Temporary consumer credit regime extended to 2015

Print This Post

16 June 2014


SRA

SRA: working with FCA on consumer credit rules

The Solicitors Regulation Authority (SRA) and Financial Conduct Authority have agreed that transitional arrangements for firms wanting to carry out consumer credit activities will be extended by a further six months, from 30 September 2014 to 1 April 2015.

The group licence, held by the Law Society and managed by the SRA, under which law firms carried out consumer credit activities ended on 1 April this year, when the FCA took over responsibility for this from the Office of Fair Trading.

The activities involved are wide-ranging and include debt collection, limited advice on financial services and, in some cases, allowing clients to pay fees by installments.

The Legal Services Board warned when the FCA took over that there was a “real risk” that law firms did not understand the impact of the change, which could have serious consequences.

Consumer credit activities that were licensable under the Consumer Credit Act 1974 have become, from 1 April, regulated activities under the Financial Services and Markets Act 2000 (FSMA).

Firms must be authorised by the FCA, have been granted interim permission by the FCA, be exempt under part 20 of FSMA or cease to carry on consumer credit activities.

Law firms carrying on regulated activities under part 20 do not have to be authorised by the FCA and are referred to as “exempt professional firms”.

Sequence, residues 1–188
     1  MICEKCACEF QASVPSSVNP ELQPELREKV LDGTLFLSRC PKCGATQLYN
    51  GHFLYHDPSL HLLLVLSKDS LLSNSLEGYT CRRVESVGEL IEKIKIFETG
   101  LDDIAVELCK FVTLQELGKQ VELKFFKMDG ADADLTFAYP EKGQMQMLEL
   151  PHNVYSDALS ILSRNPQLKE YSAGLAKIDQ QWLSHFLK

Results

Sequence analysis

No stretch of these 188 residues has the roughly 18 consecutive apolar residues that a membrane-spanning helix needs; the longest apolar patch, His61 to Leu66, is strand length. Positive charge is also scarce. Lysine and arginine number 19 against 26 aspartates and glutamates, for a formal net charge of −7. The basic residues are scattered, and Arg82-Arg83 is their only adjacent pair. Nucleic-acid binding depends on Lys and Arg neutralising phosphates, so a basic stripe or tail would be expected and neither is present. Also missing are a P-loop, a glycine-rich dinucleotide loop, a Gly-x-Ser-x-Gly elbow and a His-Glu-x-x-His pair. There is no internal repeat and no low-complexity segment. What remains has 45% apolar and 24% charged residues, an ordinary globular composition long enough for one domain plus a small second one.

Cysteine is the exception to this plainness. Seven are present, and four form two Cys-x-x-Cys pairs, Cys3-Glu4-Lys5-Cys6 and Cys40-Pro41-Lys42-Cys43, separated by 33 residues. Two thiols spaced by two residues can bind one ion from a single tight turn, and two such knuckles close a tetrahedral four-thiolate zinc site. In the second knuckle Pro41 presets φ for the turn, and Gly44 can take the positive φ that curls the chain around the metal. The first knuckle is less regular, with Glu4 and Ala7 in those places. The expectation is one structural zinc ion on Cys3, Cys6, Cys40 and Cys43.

The SRA said changes to the rules on scope and the SRA Handbook had been made to ease the transfer of regulation of consumer credit activities to the FCA. The rule changes have been approved by the FCA and the Legal Services Board.

Crispin Passmore, SRA executive director for policy, said the six-month extension “gives us the opportunity to continue to work with the FCA in relation to the rules that will apply to SRA regulated firms under part 20.”

 

Tags: , , , ,



Leave a comment

* Denotes required field

All comments will be moderated before posting. Please see our Terms and Conditions

Legal Futures Blog

Going social

Derek Fitzpatrick Clio

Legal professionals, as communicators, serve a crucial role in social conversations, but have not been quick to adopt a strong presence on social media. Many lawyers are reluctant to start a social media profile as they don’t foresee any benefits to having one. The bottom line is that lawyers won’t get clients from social media if they are not using it. With 62% of adults having a Facebook account, your clients – and competitors – are using social media and you can no longer afford to treat it as an afterthought in the digital age.

December 2nd, 2016